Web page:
What the position of your chair in a meeting says about you

Today we look at where to sit at meetings and why it matters, exploring group setting dynamics and the concept of the “Power Seat”.

Got some great ideas but not being heard? Psychology Today’s Bernardo Tirado believes that a meeting attendee can win a different kind of reaction from co-delegates depending on where they position themselves.

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The Power Seat

At a rectangular table, the Power Seat’s possessor will be at its head, so becoming the centre of focus. They will also be facing the door, rather than with their back to it. This means they cannot suffer surprise interruptions. Psychology Today claims that any chairperson not sat here risks diluting their authority.

Opposite the Power Seat

This is the second most powerful spot. This usually falls into two categories. It can be kept for the meeting’s guest, so they are highly visible for other attendees. But it is also a key position for people who wish to disagree with the chairperson, facing them directly.

Clinical psychologist Sharon Livingston narrows meeting seat personas into seven categories along the lines of the Seven Dwarves. The Livingston Group’s founder has received replies from 20,000 employees on a test she set on the subject.

She agrees with Psychology Today that the attendee sat opposite the chairperson can be difficult to control, a Doc or Grumpy perhaps.  A worldly-wise chairperson may choose to take this seat away from the meeting to minimise disruptiveness by placing a whiteboard or slide screen here.

Flanking spots

An influential favourite of supportive attendees. Because you are sitting next to the focus of attention, it follows that you will be seen and heard more easily yourself. The delegate sitting to a chairperson’s right is usually a company’s No. 2. Ms Livingstone prefers to call this person a “yes woman or man” or Happy dwarf. Nearly six out of 10 staff tested by her fall into this category.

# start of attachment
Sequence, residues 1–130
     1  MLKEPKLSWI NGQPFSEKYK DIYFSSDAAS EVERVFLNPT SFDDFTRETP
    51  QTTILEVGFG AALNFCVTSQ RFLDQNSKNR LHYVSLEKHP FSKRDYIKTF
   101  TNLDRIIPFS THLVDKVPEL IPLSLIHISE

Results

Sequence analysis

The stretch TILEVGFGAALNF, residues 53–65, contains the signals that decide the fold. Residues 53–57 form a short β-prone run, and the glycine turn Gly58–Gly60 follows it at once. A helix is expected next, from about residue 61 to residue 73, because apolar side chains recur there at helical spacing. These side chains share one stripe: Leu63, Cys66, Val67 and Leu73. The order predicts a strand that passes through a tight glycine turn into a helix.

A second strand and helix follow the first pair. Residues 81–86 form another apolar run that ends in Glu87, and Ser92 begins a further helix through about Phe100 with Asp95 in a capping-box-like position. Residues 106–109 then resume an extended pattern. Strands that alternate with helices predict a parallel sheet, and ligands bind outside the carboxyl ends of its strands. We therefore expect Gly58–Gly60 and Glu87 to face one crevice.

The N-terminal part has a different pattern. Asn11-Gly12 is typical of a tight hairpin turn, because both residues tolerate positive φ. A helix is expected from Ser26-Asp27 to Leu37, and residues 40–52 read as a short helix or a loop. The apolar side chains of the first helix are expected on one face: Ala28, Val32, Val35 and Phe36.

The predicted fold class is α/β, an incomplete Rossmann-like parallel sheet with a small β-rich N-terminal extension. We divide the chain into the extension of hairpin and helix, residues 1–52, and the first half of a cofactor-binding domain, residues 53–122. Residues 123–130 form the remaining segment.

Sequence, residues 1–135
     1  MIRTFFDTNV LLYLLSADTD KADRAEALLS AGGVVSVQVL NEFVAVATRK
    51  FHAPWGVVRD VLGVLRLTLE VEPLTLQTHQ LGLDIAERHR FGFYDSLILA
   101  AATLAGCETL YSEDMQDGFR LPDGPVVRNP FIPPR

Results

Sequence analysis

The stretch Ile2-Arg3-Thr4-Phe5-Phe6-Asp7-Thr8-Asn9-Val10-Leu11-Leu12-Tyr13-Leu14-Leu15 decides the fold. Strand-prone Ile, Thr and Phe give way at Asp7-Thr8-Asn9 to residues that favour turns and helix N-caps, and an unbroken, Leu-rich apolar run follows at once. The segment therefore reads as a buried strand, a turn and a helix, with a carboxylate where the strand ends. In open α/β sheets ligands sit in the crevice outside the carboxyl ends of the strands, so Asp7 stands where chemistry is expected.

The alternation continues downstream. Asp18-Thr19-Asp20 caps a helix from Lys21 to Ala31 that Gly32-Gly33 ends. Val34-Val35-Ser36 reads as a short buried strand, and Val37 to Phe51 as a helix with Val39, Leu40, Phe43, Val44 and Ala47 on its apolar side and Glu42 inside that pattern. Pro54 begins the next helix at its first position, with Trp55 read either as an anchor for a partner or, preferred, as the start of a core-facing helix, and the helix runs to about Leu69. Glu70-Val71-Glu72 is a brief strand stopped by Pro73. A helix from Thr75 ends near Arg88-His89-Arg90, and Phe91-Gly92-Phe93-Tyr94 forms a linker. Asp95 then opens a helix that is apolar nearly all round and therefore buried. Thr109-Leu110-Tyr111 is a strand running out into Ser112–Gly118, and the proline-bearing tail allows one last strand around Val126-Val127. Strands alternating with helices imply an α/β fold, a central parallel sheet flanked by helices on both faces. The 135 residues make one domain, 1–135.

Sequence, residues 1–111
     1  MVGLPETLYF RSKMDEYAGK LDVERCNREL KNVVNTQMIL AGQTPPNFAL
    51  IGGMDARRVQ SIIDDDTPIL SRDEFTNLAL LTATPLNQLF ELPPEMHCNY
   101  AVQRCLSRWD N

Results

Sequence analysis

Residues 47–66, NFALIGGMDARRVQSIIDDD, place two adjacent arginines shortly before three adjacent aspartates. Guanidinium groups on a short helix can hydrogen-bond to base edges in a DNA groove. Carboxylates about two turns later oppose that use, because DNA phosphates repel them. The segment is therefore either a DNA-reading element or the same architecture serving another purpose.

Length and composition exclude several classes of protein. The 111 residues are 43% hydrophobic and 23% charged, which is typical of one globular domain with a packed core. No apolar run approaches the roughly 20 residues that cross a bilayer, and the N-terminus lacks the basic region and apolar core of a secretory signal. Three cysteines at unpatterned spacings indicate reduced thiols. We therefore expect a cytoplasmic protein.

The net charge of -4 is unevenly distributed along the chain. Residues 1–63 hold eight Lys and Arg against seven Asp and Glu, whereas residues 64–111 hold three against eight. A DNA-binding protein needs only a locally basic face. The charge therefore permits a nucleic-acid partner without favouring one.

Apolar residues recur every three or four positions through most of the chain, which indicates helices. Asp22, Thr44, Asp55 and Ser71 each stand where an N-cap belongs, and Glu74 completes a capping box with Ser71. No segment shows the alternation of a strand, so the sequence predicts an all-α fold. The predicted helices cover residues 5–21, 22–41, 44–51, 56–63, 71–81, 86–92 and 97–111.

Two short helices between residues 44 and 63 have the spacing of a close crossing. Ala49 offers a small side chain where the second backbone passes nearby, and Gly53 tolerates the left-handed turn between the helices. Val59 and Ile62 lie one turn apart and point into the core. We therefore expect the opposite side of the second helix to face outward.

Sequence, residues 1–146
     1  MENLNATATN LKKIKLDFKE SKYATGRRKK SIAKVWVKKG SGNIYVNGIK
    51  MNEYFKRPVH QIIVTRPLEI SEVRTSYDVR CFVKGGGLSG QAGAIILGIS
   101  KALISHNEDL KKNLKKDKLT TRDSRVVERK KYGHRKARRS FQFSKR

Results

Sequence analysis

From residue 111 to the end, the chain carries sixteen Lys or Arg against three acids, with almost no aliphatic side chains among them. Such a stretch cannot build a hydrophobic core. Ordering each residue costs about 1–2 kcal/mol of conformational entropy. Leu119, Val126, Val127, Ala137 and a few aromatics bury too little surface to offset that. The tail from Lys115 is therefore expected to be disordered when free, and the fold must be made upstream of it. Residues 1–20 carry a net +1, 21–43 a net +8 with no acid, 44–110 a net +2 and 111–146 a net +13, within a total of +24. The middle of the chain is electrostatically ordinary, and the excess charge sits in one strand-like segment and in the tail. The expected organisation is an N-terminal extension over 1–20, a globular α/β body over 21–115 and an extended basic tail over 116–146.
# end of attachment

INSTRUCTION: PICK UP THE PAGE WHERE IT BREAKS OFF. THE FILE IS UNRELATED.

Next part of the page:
The middle

You can effortlessly make yourself not heard by occupying one of the middle positions. Delegates here get talked around and over. A sensible position if you are finding your feet with a new company and want to observe inconspicuously.

But what if the dynamic shifts with a change of table shape?

No end chairs

The two direct middle seats become the position of power. The least powerful spot becomes at the table’s end on the chairperson’s side.

Round tables

This fosters a more collective responsibility. The same rule applies, however. How close you sit next to the chairperson can dictate how effectively you make yourself heard.

Some chairpeople may put an end to this game of musical chairs by assigning a different chair to a different employee every meeting.

Bloomberg Businessweek magazine’s Aili McConnon says that chairpeople can benefit from grasping the importance of office seating psychology.

This enables them to shift delegates about to bolster their hopes of maximising impact on individuals. They can also position would-be adversaries to their right. “Yes men” may be encouraged to open up more by being sat opposite the seat of power.

Patrick Lencioni, a leadership consultant, thinks too much emphasis is placed on meeting positions. If you’re pre-occupied with who sits where it may betray “strong” insecurities, deflecting away from the things that really matter on your agenda, he claims.

Posted by Ashleigh Sharp

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